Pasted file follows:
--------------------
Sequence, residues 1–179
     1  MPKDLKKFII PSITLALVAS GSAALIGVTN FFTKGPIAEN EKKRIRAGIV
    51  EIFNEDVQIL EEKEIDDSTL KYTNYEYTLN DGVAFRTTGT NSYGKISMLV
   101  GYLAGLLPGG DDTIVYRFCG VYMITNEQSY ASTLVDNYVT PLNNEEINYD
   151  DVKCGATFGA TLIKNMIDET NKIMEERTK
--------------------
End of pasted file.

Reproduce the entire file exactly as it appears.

Sequence, residues 1–179
     1  MPKDLKKFII PSITLALVAS GSAALIGVTN FFTKGPIAEN EKKRIRAGIV
    51  EIFNEDVQIL EEKEIDDSTL KYTNYEYTLN DGVAFRTTGT NSYGKISMLV
   101  GYLAGLLPGG DDTIVYRFCG VYMITNEQSY ASTLVDNYVT PLNNEEINYD
   151  DVKCGATFGA TLIKNMIDET NKIMEERTK